Pakistani Prime Minister Imran Khan has again rejected accusations that his country is harboring militants, and insisted that his government has done 'everything' to facilitate the peace process in neighboring Afghanistan.
'Normally there was an idea that the security forces in Pakistan had their own policy, and the government a different one. This is not the case in Pakistan anymore," Khan on February 17 told an international conference in Islamabad marking 40 years since hundreds of thousands of Afghans found refuge in the country.
Pakistan is seen as key to helping secure and implement any peace deal in Afghanistan. U.S. and Afghan officials have long accused the country's military spy agency of harboring Taliban militants. Islamabad has repeatedly rejected the accusation.
"Whatever the situation might have been in the past, right now I can tell you, all of us, there is one thing we want is peace in Afghanistan,' Khan said.
With about 2.7 million Afghan refugees living in Pakistan, it was impossible to rule out militants hiding among them, he said, adding that his government has done all it could to prevent attacks in Afghanistan, including by building a border fence.
His comments came after Sarwar Danish, Afghanistan's second vice president, accused Pakistan of allowing the Taliban to recruit fighters from Afghan refugee camps in Pakistan.
Addressing the Islamabad conference, UN Secretary General Antonio Guterres praised Pakistan for supporting Afghan refugees.
'For 40 years, the people of Afghanistan have faced successive crises, for 40 years, the people of Pakistan have responded with solidarity,' he said, while calling on the international community to do more for refugees.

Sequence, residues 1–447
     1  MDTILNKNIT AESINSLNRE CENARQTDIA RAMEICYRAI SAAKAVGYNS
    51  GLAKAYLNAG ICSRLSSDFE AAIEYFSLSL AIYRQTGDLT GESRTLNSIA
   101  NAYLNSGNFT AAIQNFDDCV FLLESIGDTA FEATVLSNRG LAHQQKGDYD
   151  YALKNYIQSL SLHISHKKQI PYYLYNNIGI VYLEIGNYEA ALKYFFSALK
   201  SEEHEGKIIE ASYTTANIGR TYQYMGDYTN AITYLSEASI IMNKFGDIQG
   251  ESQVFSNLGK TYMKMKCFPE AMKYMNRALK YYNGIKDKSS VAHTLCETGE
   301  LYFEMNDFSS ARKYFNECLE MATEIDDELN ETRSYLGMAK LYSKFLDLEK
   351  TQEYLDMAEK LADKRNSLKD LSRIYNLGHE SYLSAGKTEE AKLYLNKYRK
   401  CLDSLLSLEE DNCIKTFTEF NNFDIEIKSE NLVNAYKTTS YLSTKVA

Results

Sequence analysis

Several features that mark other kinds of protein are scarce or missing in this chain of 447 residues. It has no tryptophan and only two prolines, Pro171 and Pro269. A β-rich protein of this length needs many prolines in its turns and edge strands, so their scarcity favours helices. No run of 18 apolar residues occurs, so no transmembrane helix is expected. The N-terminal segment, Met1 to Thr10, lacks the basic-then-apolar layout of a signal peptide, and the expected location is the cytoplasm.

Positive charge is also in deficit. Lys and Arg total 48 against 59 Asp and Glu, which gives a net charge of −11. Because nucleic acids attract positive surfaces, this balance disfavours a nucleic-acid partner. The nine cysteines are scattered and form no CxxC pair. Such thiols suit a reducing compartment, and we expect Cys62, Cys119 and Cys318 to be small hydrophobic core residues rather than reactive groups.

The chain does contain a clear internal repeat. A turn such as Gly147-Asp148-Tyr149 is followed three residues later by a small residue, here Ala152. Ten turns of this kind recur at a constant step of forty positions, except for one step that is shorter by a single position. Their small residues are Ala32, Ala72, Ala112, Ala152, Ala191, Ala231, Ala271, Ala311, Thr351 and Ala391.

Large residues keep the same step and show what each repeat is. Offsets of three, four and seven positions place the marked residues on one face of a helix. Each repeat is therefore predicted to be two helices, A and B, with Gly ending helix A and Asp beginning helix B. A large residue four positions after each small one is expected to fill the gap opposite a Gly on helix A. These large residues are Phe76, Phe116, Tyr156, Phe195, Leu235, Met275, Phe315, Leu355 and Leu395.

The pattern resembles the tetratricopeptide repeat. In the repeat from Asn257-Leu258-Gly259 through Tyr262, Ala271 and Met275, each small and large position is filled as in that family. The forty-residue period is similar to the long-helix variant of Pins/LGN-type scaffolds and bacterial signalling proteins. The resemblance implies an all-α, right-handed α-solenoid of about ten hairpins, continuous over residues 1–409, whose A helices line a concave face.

Guterres also said he was very encouraged by Pakistan's strong commitment for peace in Afghanistan.
He said it was 'time for Afghans to have peace" and that "no Afghan will forgive us if this opportunity is not seized.'
The U.S. special representative for Afghanistan, Zalmay Khalilzad, told the conference he was 'cautiously optimistic' about progress toward an eventual peace deal with the Taliban.
Khalilzad has for more than a year led talks between the Taliban and Washington.
On February 17, Afghanistan's Chief Executive Officer Abdullah Abdullah said the Taliban had agreed to a seven-day reduction of violence ahead of a peace deal with the United States that may be signed by the end of the month.
However, bloodshed continued over the weekend, including a deadly Taliban attack in the northern province of Kunduz.
With reporting by dpa and AFP
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